Meet the appraiser. You’re dealing with a human, so be nice. Walk the appraiser around your house, answer any questions he or she may have, and point out any changes that you have made to the house. When I met my appraiser he was happy to see our official building permits that showed our legal additions. We also pointed out any remodeled areas and newly-installed hardwood flooring.

I don’t know if all appraisers would be open to debating about exactly what houses make good comps to yours or not, it might rub them the wrong way. But you could probably point out ways that your house is different than other potential comps (bigger yard, pool, view, etc.).

Read the appraisal report and follow-up if needed. Request a copy of the report and review it for any inaccuracies. The workload is high right now, and it could be that they mixed up details with another house or just copied stuff over from other sources. Point out any errors along with supporting evidence and you may be able to get the appraisal re-evaluated. On the extreme end, you might ask for another new appraisal at your cost.

Don’t worry about property taxes. While the local government might consider your house’s sales price history when figuring out your home’s tax assessment, they will not be notified of the value from an independent appraisal. In fact, they probably have a rather rigid formula to figure out your home’s assessed value (they do have to do this on a lot of houses) based on things like number of bedrooms, number of bathrooms, square footage, lot size, etc. If anything, you might volunteer data from the new appraisal to appeal your assessed value – assuming it’s lower of course!

In the end, by taking these steps we felt that we had done our best… and our refinance was a success, so good luck!

Credit Sesame’s New Interactive Mortgage Map

“The editorial content on this page is not provided by any of the companies mentioned, and has not been reviewed, approved or otherwise endorsed by any of these entities. Opinions expressed here are author's alone.”

Credit Sesame might be best known for offering people a free credit score every month, but they make their money by providing mortgage quotes. That makes sense given how sensitive mortgage interest rates are to credit scores. They just rolled out a new tool called the Mortgage Map that lets you visually compare various mortgage loan options. Here’s an example screenshot:

The vertical axis appears to be savings (refinance) or cost (new loan), and the horizontal axis appears to be interest rates. Different colors denote fixed-rate, variable-rate, and interest only loans. A little house icon appears for refinance quotes to indicate your existing loan. Mortgage rates are still reaching new historic lows, so it’s good to be aware of the options out there.

Of course, I played around with it using my own numbers, even though I already refinanced last year into a new 15-year fixed mortgage. Almost all of the loan options given were worse than my existing loan, which I suppose made me happy. However, a 7/1 ARM or 10/1 ARM would save still save me money if I paid it off during the fixed initial term (makes sense, although these are lesser-known flavors). I noticed that the default setting for refinancing a 30-year mortgage is that you will only keep it for 7 years, my guess is that’s how often the average person changes houses. But you’ll want to remember to change that to better reflect your own situation.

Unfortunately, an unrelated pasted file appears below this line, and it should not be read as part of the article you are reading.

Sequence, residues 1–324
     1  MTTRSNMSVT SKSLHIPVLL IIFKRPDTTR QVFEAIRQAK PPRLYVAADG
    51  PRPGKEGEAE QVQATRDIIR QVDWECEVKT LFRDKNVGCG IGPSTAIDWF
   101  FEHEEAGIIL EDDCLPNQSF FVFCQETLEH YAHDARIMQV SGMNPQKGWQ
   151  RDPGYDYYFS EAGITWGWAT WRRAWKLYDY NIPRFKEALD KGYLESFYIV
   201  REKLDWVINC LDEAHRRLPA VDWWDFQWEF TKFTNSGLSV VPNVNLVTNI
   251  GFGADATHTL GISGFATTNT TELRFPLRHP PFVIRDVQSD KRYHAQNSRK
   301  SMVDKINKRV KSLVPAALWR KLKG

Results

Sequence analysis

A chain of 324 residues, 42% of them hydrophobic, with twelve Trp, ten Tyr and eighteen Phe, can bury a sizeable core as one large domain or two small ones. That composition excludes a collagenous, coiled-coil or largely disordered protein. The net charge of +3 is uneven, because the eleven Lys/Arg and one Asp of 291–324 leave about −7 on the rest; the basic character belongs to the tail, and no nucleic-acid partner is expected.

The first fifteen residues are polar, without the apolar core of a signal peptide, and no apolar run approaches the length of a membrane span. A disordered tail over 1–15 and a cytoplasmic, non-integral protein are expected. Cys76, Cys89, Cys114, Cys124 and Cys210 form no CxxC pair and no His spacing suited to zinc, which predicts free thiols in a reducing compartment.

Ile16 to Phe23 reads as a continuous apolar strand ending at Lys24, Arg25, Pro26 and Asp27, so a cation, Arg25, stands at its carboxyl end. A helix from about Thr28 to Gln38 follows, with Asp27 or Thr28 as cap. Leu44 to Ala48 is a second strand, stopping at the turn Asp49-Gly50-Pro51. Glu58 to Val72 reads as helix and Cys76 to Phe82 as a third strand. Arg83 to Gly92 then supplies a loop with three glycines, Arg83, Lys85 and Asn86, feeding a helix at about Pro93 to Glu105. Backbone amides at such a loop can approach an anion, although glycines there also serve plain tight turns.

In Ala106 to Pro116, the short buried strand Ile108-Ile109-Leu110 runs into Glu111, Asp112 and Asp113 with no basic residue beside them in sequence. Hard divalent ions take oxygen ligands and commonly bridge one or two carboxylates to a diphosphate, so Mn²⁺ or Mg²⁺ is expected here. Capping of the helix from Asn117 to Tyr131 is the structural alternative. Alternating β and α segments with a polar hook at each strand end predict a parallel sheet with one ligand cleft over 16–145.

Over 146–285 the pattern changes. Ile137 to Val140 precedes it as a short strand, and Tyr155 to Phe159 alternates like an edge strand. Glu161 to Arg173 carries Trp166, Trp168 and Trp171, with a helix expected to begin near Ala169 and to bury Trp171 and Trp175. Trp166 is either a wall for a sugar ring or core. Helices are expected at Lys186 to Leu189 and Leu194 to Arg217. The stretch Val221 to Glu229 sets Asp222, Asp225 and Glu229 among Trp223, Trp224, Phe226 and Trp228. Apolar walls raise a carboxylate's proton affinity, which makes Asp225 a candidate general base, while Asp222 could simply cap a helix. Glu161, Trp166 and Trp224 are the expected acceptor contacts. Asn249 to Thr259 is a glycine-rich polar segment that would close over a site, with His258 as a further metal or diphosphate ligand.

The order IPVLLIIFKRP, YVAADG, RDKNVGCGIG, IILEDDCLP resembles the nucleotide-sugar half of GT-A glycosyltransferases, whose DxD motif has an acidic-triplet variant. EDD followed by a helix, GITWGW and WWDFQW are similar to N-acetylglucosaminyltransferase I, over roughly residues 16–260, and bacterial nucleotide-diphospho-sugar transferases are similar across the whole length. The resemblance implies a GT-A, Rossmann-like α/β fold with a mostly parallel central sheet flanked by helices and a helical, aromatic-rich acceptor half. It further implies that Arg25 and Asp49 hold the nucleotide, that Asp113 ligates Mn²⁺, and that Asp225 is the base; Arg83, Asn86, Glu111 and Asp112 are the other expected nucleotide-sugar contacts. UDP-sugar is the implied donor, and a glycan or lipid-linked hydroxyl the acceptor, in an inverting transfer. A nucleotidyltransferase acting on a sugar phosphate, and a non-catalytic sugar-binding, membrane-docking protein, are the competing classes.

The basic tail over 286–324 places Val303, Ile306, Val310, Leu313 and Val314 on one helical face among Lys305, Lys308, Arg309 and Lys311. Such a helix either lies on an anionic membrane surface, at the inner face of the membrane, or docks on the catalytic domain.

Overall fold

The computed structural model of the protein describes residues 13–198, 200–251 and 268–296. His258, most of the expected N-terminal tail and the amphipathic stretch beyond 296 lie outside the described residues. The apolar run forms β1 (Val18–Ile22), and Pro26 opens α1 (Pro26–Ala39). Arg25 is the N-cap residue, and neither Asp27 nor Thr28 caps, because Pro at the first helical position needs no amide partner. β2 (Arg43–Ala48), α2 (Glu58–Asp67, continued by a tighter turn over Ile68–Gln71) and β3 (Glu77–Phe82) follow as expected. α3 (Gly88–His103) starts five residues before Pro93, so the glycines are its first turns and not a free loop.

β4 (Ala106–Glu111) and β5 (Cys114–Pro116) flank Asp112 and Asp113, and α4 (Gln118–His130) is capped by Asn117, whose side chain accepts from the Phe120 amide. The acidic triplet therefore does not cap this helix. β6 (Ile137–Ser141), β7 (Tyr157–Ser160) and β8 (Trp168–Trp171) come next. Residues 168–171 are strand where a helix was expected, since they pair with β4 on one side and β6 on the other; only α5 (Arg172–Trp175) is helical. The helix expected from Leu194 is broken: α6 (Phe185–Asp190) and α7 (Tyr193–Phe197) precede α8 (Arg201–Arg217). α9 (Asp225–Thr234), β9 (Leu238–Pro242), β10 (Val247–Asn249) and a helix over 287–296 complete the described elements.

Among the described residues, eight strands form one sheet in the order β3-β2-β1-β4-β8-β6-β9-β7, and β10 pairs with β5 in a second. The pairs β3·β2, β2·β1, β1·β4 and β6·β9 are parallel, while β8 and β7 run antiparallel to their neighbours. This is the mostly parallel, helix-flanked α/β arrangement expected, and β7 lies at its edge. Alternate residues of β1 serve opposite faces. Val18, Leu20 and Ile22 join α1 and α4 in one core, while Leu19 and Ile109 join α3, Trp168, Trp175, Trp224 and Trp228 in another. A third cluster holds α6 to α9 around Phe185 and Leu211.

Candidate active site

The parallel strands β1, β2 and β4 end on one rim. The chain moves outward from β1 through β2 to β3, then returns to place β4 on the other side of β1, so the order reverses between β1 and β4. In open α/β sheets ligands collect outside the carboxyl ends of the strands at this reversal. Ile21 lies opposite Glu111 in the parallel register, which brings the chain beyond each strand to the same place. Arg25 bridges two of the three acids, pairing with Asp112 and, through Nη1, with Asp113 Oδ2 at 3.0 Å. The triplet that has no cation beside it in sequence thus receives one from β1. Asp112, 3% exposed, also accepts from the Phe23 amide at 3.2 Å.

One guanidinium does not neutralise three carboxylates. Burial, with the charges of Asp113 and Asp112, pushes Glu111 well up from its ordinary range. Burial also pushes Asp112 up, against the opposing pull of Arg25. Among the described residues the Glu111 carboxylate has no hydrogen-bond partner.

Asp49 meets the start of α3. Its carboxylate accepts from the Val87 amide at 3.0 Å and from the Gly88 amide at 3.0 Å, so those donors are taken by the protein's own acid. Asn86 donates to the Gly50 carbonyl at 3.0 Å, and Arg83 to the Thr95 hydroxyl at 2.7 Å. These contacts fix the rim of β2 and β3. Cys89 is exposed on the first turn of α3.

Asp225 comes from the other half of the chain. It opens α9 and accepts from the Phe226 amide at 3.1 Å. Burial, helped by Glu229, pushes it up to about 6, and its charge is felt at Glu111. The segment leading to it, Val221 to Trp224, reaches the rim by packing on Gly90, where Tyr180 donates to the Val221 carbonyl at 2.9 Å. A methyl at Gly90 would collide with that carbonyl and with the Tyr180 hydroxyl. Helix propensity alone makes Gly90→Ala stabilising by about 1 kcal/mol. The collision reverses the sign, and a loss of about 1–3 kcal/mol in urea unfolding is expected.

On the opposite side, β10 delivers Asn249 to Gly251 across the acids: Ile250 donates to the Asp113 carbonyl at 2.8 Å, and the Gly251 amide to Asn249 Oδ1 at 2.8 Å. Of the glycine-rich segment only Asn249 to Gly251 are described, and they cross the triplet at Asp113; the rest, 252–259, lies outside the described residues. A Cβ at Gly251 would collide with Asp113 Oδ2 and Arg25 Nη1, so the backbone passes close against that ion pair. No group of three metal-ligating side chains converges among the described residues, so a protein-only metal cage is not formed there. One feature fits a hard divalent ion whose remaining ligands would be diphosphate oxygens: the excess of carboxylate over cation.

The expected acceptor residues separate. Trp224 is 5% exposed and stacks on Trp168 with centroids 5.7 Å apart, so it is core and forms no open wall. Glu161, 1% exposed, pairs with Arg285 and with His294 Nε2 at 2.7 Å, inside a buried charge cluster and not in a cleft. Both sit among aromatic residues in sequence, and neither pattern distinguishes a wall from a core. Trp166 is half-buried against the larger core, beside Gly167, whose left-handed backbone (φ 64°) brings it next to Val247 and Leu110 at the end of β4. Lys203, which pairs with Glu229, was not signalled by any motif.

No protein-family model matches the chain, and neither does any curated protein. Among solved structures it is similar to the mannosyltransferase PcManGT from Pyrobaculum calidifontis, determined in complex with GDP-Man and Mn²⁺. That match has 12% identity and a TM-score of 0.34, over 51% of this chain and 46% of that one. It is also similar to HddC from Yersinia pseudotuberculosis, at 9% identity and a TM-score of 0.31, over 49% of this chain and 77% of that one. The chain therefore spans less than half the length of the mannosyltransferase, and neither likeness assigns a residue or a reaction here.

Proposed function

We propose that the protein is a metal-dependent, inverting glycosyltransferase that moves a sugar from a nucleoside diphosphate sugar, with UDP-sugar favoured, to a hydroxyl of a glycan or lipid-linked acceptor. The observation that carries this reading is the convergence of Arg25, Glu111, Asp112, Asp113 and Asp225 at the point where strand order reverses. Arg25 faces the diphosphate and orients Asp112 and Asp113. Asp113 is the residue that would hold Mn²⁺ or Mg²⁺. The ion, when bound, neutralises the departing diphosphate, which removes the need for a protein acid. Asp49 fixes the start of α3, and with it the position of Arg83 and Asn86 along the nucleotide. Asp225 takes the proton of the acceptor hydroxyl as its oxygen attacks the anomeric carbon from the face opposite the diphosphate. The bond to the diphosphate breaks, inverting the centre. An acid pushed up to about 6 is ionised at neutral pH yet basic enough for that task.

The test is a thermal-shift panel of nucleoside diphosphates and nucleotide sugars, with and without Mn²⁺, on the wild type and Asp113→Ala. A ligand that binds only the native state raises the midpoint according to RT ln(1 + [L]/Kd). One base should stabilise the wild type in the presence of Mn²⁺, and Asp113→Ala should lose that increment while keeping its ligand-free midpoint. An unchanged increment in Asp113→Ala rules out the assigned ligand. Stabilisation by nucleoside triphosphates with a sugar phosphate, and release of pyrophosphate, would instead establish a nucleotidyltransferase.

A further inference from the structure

All of the quotes that I wanted to “learn more” about seemed to be offered by First Choice Bank, which I am guessing is a mortgage broker? As a result, I don’t really know how many different lenders are behind this map, and how it would compare to something like LendingTree.

No Fee 0% Balance Transfer For 12 Months – Discover More Card

“The editorial content on this page is not provided by any of the companies mentioned, and has not been reviewed, approved or otherwise endorsed by any of these entities. Opinions expressed here are author's alone.”

Update 2/24/12: Confirmed that this offer will expire at the end of February. Last year it also started in January and ran until the end of February, and didn’t come back until the next January. So get your applications in now if interested!

Update 1/9/12: Reader CC writes in with her success story, which differs from some previous reports of a one Discover card at a time limit. Please let me know if you have a different experience. I forget to add before – if you apply for the card and don’t get the credit line you want, call them up and tell them you want to do a $X,XXX balance transfer and they may work to accomodate you.

A few updates- I called Discover and they changed the policies again

1) you can have more than 1 credit card
2) You have to open a new card to get the promo they won’t apply it to the old one.
3)If you call and speak to a rep and give them a balance to transfer they will recalculate the credit line
4) They will let you transfer the old credit line to the new one ie I had a $7.3K balance on the old one so they left it open with $500 and gave me a new card with a $7K balance. I was able to keep my 5 yrs of credit history with the 1st card active. I’ll probably transfer the line back to the original place in a yr.
5) I just saved a year of interest on my Citibank student loans for $6,550 with 15 minutes of work 🙂